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Adam Elliott: A Role Model

September 6, 2018


In 20 days, Adam Elliott’s name will be read out amongst the other nominees for the annual Ken Stephen medal at the Dally M Awards evening. Whether his name will be read out or not is unknown however, the work within he has done within the community will always be commendable. He doesn’t need to wear a medal around his neck for fans to be proud of him. The “Mad Monday” antics this week should not change that.


After living his childhood in a household with an autistic brother, Elliott chose to use the platform the NRL granted him to make a difference to those with special needs. At only 23 years of age, he teamed up with Giant Steps, the education centre, to make a difference.


The school’s goal is a simple one – provide each child or young adult with the opportunity to reach their full potential while giving families support and guidance in hopes of also improving the wider community’s understanding of autism and its complex nature. Elliott has this same goal and strives to make a difference with Giant Steps as well as with many other programs amongst the community.


A proud athlete, Elliott wants those with special needs to feel the same pride that he has the privilege of feeling every time he takes the field. He became an ambassador for the Special Olympics and has worked with the Bulldogs club to orchestrate Mini Olympics events.


While work amongst the special needs community is very close to his heart, Elliott’s generosity is widespread. He was involved in fundraising for his seaside town Tathra after bushfires tragically swept through the town, majorly affecting those close to him. While he visited his home town, he dropped into the local primary school to talk to the children about his journey through the NRL and even had a game of footy with them.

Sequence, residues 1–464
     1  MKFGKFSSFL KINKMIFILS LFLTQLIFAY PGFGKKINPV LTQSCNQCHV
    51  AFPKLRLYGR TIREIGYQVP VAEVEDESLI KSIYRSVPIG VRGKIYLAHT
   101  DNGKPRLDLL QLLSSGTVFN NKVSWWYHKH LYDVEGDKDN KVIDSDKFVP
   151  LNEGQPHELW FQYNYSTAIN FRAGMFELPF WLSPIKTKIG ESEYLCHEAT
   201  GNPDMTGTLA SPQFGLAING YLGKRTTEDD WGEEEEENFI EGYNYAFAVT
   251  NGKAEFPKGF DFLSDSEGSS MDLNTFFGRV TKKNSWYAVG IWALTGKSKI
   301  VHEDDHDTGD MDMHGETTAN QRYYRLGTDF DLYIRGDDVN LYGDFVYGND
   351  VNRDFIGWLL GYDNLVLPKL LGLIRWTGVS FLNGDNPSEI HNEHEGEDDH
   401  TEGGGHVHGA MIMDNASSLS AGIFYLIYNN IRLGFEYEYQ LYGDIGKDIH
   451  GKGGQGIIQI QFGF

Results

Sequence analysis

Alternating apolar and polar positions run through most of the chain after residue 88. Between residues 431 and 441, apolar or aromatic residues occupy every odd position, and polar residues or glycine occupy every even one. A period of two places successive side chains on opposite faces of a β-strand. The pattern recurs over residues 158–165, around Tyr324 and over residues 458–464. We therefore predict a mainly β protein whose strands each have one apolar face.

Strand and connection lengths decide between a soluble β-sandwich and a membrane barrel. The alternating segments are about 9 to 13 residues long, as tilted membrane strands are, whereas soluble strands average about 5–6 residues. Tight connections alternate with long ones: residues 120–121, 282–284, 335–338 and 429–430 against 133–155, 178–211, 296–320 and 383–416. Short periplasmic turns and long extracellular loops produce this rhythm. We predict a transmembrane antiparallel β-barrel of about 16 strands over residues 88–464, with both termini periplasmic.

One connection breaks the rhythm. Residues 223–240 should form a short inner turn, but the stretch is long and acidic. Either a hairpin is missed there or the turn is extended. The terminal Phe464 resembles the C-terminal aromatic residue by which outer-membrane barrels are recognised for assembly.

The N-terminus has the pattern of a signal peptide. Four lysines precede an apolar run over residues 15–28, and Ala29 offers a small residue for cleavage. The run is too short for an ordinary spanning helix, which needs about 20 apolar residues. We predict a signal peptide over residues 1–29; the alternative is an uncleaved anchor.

When you ask whether players like Adam Elliott are good role models after drunken antics post season, question those he has impacted first. Ask the autistic children who can’t wipe the smiles off their faces when he is around. Ask the friends he has known for years who he hugged tightly after they lost so much in bushfires. Ask the children at Tathra Public School who proudly recognise him every time he returns. Ask his brother James.


You’ll struggle to find not just a Bulldogs fan but an NRL fan too who wouldn’t still consider Adam Elliott a great guy for our game of rugby league. NRL fans, I am begging you. Do not let this one incident tarnish your view of these guys. The NRL can be a very dark place with controversy and allegations – often, understandably. This is not one of those situations.


Adam Elliott may not win the Ken Stephen medal but if he doesn’t, it isn’t because he doesn’t deserve it. He has still offered so much to this game and no Mad Monday can change that.

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